- GBP/USD has climbed to 1.3420
- A high probability bearish trading signal has been ignored
- This suggests a major bottom may be in place says Market Wizards author
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It was Jack Schwager, author of the Market Wizards series, who said that the best trading signals are failed signals, by which he meant that when a high probability trading setup fails its often a signal the market will go in the opposite direction in a pretty strong way - i.e. the market could be topping or bottoming.
The notion is a consolation to traders as out of the ashes of failure can come success.
For example, if the chart is telling you to go long and you enter a trade and it fails spectacularly even though it looked like a great five-star set-up, it is often a sign the market has topped and is now going down in a big way.
You can then reassess and treat the failure as a high probability signal in the opposite direction.
The interesting thing about this in relation to current market activity is that Schwager's principle can be applied to recent market action on GBP/USD, which pulled back into a 'sell-zone' where it looked beautifully poised to go lower, but then spectacularly failed as the market simply ignored the bear signal and carried on going higher.
The chart below shows the set-up in question - the exchange rate, which had been in a strong downtrend since the 1.44 April highs bottomed on May 29 and pulled back into the space between the 10 and 20 moving averages, also known as the 'sell-zone'.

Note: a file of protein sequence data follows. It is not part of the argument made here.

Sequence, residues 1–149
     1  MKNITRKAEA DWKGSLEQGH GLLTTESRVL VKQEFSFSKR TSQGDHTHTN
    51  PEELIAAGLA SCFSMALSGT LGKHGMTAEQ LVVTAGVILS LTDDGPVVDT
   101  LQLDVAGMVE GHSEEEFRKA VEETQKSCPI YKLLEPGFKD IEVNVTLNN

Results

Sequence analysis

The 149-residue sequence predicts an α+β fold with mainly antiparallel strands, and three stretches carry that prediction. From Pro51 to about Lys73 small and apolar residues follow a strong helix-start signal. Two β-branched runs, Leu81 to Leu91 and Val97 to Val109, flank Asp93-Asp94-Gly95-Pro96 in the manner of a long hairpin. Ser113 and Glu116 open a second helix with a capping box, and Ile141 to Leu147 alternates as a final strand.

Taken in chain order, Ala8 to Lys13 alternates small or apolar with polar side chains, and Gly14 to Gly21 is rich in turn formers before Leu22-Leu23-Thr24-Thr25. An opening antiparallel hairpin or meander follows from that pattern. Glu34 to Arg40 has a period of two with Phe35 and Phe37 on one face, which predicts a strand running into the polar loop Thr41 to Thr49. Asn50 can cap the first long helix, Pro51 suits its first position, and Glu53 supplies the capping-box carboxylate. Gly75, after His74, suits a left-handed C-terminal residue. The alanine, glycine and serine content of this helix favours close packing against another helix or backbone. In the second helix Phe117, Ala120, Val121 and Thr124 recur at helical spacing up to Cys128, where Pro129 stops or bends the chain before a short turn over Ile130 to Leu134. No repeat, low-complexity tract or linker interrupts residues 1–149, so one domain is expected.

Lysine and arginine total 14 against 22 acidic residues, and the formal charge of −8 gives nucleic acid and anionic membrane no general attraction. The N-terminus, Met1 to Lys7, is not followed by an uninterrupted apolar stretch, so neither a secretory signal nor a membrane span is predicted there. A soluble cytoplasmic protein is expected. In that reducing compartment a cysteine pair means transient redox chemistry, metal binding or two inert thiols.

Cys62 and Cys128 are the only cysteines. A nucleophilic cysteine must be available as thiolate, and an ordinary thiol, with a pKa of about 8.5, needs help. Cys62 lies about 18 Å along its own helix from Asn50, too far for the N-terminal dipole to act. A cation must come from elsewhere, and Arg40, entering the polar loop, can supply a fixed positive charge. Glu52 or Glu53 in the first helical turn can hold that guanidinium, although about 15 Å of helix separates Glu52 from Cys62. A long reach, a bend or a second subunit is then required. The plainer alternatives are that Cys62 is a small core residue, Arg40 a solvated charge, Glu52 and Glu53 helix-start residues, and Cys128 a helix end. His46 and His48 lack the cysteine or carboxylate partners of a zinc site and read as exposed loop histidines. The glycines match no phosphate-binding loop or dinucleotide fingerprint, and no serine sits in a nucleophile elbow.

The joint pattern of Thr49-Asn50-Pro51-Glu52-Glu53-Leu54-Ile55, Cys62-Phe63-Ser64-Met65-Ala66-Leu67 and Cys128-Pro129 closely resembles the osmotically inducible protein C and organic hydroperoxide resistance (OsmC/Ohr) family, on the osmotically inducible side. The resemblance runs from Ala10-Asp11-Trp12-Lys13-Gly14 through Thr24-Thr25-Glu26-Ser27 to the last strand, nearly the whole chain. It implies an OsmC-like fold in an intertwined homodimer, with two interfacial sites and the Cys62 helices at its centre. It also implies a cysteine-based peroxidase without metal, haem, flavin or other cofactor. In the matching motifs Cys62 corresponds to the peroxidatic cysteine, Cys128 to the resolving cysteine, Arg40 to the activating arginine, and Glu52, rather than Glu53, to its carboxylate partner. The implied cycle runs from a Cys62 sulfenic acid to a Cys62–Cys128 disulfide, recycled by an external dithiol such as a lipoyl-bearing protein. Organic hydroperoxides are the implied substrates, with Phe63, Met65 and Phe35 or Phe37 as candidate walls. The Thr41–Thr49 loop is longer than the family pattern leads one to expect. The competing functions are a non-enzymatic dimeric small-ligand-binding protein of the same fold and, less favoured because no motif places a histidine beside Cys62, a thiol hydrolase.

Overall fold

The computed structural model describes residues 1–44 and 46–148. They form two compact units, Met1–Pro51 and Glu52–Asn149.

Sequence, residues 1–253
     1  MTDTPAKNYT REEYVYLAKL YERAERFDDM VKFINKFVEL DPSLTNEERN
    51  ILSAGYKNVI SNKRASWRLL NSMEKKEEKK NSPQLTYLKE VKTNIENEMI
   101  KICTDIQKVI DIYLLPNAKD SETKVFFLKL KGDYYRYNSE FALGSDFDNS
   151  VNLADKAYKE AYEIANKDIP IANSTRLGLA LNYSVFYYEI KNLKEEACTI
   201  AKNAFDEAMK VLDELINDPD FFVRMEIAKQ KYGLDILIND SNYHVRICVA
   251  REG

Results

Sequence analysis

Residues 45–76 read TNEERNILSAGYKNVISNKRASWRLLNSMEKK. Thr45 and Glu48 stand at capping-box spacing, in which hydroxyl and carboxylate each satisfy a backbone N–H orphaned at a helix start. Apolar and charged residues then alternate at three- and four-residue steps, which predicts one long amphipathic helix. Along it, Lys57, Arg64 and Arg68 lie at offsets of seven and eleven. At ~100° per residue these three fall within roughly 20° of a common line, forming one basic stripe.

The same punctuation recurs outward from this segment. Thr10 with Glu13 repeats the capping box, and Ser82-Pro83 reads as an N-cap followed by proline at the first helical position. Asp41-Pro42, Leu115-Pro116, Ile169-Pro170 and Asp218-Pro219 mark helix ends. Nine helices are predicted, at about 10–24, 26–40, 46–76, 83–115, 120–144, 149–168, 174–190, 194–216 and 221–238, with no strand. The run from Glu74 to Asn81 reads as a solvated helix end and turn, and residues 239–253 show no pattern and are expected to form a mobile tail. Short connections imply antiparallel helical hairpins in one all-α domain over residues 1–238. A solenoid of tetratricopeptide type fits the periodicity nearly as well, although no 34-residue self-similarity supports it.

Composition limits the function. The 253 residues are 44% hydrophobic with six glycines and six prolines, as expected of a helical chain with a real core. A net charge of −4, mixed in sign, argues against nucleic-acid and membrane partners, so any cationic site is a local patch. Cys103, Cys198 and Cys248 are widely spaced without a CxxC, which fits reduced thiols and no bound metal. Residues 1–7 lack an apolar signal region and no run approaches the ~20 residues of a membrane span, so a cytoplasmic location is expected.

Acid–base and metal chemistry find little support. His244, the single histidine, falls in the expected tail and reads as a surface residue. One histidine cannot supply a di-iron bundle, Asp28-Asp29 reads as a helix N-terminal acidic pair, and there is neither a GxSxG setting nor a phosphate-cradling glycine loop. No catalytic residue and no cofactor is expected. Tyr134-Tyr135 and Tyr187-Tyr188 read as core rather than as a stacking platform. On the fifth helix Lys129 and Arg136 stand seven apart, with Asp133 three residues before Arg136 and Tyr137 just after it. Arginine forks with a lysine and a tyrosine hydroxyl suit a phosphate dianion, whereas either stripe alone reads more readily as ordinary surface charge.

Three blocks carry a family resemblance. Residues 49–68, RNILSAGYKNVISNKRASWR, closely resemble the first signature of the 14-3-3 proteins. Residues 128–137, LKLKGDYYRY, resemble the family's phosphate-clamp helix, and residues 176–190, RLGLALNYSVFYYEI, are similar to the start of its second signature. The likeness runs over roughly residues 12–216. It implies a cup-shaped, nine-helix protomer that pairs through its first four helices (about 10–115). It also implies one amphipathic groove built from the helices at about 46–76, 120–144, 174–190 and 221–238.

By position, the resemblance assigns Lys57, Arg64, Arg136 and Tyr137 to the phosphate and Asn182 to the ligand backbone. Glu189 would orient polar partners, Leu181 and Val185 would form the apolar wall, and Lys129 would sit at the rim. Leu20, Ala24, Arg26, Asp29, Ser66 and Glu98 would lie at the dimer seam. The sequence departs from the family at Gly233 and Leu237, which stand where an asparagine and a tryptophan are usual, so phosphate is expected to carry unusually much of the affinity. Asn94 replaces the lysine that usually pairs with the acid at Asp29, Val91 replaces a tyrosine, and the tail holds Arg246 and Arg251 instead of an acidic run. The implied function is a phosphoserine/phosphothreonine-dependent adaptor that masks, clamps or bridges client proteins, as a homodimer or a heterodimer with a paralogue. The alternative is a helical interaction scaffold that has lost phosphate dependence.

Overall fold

It then formed a bearish candlestick pattern called a 'shooting star' which has a long range but a small body concentrated in the bottom half of the range. At this point, all three criteria for a high probability trade setup to go short had been qualified. It looked like a five-star bearish signal.
Yet in the end, the market simply 'custard pied' (to use a piece of contemporary slang I like at the moment which means 'ignored') the set-up and just went higher.
Following Schwager's principle, this could be a sign the market has bottomed and will move substantially higher.
Just to offer an example of a successful signal for comparison, the chart below shows a similar set-up on EUR/USD, which was successful.
Yesterday I noted how analysts at Maybank were discussing how the Pound had now fallen to "attractive buy levels against the US Dollar" and although I noted the bearish set-up as a reason to be cautious about going long, its subsequent failure could be a sign Maybank were right.
One of the key reasons for seeing GBP/USD as an attractive buy is that it fell to the midpoint, or 0.50 Fibonacci retracement of the previous bull rally, a level at which analysts say there is a heightened probability of reversal and resumption of the uptrend.
The technical moves come on the back significant fundamental shifts in the outlook for Brexit after the second largest party in Britain, Labour shifted its official position from being pro-Brexit to advocating continued membership of the common market.
A better-than-expected services PMI reading also surprised analysts who had been increasingly pessimistic about the outlook for the UK economy, restating its reputation for resilience.
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